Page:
The verses of today’s reading from Isaiah follow on a section that describes God’s righteous judgement: those who turned away from God, who did not answer God’s call and did evil will be punished; they will go hungry and thirsty and cry out in pain. And then comes this vision of the new heavens and new earth that God will make in a new (or renewed) act of creation: full of delight and gladness, without weeping, distress or pain, a world and a people that God will rejoice in, and that themselves will be joyful and a delight for each other. It is remarkable how this new creation is described in terms of aesthetic enjoyment, an overflowing of beauty and pleasure. We cannot situate this vision of a new creation full of joy and happiness precisely in time – it is imagined as something radically different from the world we live in now –, nor beyond time – after all, there will still be death, even if it is death at the end of a life fully lived.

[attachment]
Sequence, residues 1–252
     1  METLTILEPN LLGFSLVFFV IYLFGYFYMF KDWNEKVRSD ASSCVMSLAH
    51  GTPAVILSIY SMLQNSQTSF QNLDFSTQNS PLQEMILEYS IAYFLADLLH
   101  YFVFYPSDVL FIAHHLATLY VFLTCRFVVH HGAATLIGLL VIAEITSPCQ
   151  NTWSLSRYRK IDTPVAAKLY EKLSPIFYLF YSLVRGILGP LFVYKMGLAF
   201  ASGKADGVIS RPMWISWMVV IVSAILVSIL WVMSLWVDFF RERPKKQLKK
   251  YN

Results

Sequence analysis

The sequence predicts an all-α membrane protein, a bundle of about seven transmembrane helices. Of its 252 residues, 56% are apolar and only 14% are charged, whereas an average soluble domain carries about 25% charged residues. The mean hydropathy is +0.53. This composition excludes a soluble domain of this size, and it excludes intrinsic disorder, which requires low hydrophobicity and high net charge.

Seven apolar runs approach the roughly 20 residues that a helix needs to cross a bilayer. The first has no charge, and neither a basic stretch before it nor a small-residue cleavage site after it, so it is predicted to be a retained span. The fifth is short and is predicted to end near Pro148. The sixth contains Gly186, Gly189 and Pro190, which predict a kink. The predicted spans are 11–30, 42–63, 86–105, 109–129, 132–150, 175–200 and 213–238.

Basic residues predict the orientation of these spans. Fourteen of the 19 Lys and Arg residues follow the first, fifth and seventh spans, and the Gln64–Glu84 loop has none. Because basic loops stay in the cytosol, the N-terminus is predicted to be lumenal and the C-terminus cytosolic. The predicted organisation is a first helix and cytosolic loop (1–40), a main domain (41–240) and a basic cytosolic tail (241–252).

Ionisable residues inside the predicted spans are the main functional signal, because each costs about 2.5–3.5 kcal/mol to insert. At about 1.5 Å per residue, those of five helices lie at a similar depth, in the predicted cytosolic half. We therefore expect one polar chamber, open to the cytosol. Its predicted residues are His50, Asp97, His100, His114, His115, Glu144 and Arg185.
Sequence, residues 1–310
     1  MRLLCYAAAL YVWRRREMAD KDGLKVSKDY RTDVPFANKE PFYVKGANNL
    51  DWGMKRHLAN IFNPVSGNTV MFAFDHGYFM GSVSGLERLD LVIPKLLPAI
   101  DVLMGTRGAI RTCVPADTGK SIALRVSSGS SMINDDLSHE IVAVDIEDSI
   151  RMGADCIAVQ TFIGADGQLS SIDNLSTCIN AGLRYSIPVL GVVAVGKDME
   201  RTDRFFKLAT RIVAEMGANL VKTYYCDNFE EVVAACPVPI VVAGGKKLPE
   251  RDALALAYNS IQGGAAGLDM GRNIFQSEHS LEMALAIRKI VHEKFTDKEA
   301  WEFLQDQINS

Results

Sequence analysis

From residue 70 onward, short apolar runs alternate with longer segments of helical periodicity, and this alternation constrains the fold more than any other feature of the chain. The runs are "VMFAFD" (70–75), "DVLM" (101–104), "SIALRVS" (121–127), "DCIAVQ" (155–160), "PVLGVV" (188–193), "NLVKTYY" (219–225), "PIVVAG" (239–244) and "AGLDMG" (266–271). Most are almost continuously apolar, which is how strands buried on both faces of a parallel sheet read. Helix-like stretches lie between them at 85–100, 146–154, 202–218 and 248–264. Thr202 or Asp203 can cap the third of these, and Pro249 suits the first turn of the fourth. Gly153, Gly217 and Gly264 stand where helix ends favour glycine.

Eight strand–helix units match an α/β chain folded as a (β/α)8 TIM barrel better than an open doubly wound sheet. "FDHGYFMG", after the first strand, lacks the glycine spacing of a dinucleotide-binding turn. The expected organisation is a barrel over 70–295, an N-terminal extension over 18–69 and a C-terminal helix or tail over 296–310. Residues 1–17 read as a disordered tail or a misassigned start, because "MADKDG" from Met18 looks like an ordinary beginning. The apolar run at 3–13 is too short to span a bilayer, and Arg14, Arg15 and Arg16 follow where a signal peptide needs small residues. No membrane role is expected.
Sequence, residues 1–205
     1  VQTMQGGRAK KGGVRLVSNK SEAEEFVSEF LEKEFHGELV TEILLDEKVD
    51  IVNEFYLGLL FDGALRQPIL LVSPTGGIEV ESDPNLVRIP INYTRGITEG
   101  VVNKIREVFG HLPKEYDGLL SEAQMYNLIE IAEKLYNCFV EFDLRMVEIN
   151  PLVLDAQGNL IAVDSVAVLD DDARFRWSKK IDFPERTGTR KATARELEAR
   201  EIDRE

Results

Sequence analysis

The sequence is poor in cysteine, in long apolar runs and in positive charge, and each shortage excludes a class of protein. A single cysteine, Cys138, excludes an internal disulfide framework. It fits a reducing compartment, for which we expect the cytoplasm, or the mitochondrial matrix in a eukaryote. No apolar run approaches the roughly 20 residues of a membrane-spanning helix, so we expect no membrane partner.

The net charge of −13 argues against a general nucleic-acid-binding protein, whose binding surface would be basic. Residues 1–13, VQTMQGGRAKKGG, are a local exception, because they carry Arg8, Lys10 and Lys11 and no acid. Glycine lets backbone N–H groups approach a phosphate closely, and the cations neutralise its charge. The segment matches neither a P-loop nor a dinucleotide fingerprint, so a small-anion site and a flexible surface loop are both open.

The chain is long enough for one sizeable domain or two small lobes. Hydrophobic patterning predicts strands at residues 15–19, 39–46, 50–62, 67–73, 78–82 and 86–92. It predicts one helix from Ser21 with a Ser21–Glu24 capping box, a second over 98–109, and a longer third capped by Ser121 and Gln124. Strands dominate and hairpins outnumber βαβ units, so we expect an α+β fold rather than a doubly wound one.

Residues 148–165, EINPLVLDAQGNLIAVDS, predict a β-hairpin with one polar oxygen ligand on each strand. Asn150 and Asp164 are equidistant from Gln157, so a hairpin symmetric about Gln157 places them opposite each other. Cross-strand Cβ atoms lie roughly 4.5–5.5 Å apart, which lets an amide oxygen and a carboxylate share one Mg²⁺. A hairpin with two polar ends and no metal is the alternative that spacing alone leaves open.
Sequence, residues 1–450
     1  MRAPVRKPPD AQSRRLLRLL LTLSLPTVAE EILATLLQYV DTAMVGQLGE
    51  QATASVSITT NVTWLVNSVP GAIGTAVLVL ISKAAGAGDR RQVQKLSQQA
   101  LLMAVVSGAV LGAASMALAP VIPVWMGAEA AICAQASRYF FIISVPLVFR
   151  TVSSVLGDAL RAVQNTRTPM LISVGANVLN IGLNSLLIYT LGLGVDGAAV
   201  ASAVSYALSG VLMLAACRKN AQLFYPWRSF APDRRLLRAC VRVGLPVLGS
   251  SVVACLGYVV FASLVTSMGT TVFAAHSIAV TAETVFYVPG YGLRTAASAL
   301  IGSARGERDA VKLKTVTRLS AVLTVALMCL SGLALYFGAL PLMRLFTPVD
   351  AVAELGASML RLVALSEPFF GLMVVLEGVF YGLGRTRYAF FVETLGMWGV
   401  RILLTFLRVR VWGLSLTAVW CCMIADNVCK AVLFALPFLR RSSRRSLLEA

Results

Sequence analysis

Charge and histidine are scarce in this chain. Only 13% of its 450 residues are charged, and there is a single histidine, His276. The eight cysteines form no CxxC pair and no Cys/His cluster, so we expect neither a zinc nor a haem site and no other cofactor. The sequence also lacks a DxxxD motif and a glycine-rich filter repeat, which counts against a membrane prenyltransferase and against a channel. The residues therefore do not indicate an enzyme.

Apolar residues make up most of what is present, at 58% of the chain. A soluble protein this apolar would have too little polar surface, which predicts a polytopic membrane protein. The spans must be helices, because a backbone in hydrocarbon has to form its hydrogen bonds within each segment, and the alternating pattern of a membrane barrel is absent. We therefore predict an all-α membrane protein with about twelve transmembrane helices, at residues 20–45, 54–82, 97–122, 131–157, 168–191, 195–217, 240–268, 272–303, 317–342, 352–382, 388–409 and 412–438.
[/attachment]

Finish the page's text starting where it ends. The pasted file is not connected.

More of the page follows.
While thus set in an undefined future and imagined as God’s new creation, this vision also challenges us today to think about what we can do to make this world, now, a place filled with joy and rejoicing, what we can do to make it possible that each person can live their life fully, where we can find beauty and how we can be a delight for each other?
Theology & Religious Studies